The central questions confronting artificial intelligence and cognitive science revolve around the nature of meaning and of mind. Minds are presumed to be the processors of mental content, where that content has the capacity to influence our speech and other behavior. The hard part is figuring out how that is done. Mental states must exercise causal powers that sometimes have the effect of bringing about other mental states (which take the form of shifts from one mental state to another as forms of thought transition) and sometimes have the effect of bringing about physical actions (which occur within a context that includes our beliefs, motives, ethics, abilities, and capabilities). Whether our actions are successful tends to depend upon whether things are as we take them to be (whether our beliefs are true) and the extent to which we have been successful in thinking things through (whether our actions are appropriate).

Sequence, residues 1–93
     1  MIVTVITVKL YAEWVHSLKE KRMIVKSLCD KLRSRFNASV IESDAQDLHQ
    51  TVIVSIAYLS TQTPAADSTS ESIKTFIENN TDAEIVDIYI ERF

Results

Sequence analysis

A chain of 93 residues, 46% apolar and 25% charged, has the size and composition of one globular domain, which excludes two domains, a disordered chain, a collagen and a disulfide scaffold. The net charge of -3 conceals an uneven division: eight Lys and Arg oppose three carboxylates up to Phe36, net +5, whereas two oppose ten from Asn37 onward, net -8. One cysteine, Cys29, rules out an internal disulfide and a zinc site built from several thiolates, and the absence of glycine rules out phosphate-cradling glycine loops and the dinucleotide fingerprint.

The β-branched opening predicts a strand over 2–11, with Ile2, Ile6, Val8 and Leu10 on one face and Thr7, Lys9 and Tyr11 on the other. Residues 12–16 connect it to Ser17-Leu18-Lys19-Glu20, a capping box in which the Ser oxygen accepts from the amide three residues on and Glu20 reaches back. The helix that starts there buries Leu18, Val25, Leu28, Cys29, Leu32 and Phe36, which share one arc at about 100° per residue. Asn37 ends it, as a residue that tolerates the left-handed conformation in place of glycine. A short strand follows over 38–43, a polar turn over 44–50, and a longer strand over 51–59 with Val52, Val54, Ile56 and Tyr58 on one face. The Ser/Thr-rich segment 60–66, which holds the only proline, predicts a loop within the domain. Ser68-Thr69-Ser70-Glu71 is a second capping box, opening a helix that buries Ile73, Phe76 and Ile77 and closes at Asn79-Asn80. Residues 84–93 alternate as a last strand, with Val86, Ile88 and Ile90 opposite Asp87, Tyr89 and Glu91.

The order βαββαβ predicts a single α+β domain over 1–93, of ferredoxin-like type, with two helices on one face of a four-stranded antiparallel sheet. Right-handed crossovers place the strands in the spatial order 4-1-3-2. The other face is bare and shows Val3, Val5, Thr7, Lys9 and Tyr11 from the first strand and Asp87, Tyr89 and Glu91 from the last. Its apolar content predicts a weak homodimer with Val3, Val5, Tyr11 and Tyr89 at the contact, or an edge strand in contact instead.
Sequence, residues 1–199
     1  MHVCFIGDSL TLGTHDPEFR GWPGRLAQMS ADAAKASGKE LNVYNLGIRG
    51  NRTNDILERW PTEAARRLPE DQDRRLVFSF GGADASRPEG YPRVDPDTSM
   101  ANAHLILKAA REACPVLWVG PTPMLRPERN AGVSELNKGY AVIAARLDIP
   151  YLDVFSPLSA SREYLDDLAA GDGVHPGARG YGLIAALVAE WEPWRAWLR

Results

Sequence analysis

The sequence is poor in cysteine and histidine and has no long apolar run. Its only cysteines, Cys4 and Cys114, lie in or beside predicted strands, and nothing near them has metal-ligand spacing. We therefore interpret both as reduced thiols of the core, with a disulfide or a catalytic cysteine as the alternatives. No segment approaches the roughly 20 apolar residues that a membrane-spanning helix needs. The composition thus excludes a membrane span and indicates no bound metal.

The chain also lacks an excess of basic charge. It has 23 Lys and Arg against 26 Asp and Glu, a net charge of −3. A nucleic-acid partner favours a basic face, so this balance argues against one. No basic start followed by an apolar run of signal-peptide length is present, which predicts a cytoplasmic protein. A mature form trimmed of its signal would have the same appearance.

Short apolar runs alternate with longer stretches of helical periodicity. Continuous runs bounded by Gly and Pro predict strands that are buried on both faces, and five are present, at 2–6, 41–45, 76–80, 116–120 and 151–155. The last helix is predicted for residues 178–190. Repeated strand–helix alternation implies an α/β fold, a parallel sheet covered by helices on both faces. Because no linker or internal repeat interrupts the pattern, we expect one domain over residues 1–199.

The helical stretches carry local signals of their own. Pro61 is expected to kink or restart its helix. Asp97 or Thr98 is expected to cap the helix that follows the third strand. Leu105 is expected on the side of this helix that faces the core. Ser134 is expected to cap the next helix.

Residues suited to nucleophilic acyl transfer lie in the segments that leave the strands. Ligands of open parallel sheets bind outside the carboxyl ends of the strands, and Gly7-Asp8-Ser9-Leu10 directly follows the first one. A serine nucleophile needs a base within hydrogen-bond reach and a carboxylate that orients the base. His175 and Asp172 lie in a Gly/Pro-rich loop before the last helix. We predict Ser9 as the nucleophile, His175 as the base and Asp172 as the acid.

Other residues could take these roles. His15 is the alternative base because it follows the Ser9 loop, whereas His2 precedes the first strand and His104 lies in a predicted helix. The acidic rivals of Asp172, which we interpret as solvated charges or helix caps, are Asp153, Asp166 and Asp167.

This volume brings together a collection of interesting studies that address the kinds of questions raised by this general conception and attempt to answer them. One of the underlying issues is how mental states themselves can stand for other things, such as objects and their properties in the world. This has sometimes been called ‘the symbol grounding problem,” because it concerns the “ground,” or basis, that connects mental states to objects and properties in the world. But it is better viewed as “the sign grounding problem,” insofar as Charles Peirce explained the distinction between icons (as signs that resemble what they stand for), indices (as signs that are causes or effects of what they stand for) and symbols (as signs that are merely habitually associated with what they stand for). The grounding problem applies across the board for different kinds of signs, but Peirce pointed to the general direction in which its solution lies.